Part I: Trauma
The diagnostic criteria for Posttraumatic Stress Disorder (PTSD) has narrowed our view of trauma; it has made us assume that trauma means exposure to the actual experience or threat of death, serious injury, or sexual violence. While these are certainly examples of trauma, the psychological and helping communities are recognizing the validity and helpfulness of broadening our definitions of trauma. Francine Shapiro, founder of EMDR treatment (an evidence-based trauma treatment), is known for using the language of large-T Trauma and small-t trauma to include sometimes disregarded experiences as trauma. As a professional counselor, I have found broader definitions of trauma to be helpful to clients processing and healing from their own difficult life experiences.
Trauma comes from the Greek word that literally means “wound.” With this simple meaning at its origin, I propose the following broader definition for trauma:
Trauma is a significantly distressing event that creates overwhelming difficulties for the one experiencing it; it often results in re-experiencing the event, negative changes to the person’s worldview (especially view of self), and difficulty coping with the negative emotions and beliefs that result.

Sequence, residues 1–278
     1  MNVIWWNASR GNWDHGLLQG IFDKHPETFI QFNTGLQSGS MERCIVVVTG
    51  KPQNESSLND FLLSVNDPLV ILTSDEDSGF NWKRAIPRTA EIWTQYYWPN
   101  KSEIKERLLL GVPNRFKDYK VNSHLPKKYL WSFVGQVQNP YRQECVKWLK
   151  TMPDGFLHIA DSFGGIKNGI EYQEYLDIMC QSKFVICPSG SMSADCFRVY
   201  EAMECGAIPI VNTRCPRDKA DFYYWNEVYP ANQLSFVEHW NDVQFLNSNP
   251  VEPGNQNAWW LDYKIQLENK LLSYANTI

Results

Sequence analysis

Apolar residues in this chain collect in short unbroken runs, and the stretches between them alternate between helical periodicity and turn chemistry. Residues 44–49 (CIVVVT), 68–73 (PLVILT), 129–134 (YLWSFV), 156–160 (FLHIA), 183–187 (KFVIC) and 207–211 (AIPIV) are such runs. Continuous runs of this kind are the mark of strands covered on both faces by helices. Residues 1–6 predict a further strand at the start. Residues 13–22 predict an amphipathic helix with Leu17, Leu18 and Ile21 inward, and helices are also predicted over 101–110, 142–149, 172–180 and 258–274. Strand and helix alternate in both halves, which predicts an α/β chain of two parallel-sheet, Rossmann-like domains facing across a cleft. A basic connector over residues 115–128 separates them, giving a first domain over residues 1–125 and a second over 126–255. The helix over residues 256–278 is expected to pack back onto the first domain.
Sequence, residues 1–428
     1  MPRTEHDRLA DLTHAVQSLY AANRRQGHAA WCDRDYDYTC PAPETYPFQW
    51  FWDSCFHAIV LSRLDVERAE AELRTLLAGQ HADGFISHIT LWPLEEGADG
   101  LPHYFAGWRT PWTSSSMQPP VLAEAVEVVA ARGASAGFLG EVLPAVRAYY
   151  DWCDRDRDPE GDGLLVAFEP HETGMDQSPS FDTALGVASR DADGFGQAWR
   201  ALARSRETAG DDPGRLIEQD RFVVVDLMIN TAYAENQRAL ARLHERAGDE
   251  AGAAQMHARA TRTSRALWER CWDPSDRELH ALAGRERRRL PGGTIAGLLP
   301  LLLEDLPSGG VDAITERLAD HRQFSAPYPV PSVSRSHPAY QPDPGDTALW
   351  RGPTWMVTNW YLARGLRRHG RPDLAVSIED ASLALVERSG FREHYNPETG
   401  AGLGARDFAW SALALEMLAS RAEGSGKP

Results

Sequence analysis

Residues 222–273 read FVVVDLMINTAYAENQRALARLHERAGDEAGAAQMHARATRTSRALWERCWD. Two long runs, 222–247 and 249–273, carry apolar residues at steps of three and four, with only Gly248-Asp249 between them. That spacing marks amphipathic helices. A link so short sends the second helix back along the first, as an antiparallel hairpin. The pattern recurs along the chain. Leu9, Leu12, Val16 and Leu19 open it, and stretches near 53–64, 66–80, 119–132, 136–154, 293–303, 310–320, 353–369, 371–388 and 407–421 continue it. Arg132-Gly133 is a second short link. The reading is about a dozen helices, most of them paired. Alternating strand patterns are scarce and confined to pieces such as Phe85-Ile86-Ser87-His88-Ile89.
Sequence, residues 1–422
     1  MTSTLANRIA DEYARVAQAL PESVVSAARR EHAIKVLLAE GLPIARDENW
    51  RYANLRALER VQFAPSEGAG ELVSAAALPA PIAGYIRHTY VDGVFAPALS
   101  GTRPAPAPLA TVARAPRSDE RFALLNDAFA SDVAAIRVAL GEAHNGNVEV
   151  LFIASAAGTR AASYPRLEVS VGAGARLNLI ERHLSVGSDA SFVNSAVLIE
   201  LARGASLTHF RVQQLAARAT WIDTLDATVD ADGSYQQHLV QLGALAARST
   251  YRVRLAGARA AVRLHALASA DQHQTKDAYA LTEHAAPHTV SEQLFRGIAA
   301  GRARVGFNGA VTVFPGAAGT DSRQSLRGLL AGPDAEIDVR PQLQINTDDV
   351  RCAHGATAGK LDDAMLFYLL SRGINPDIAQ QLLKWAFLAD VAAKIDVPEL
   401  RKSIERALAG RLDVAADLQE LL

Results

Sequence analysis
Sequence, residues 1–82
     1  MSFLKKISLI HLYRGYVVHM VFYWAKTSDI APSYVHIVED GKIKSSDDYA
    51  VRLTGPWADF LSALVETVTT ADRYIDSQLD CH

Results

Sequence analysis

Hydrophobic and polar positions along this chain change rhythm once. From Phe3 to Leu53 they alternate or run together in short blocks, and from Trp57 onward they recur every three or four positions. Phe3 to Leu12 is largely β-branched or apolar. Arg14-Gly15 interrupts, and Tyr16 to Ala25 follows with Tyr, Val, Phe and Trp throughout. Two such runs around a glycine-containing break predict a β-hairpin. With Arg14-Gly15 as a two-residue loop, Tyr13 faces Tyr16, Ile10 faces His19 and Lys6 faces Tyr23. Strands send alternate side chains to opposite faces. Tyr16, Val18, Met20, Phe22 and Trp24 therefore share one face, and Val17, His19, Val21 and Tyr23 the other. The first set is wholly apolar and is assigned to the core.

As a helping professional, I have many roles – providing therapy is the most obvious, however, I feel passionate about educating others in ways that contribute to the healing and wellness of my clients and broader communities. When it comes to trauma, I am working to treat individuals who have experienced trauma and work with them to build resilience and heal. Additionally, I aim to add my voice to educate on the pervasive presence and effects of trauma in our communities, in order to advocate for increased awareness, empathy, and competent treatment.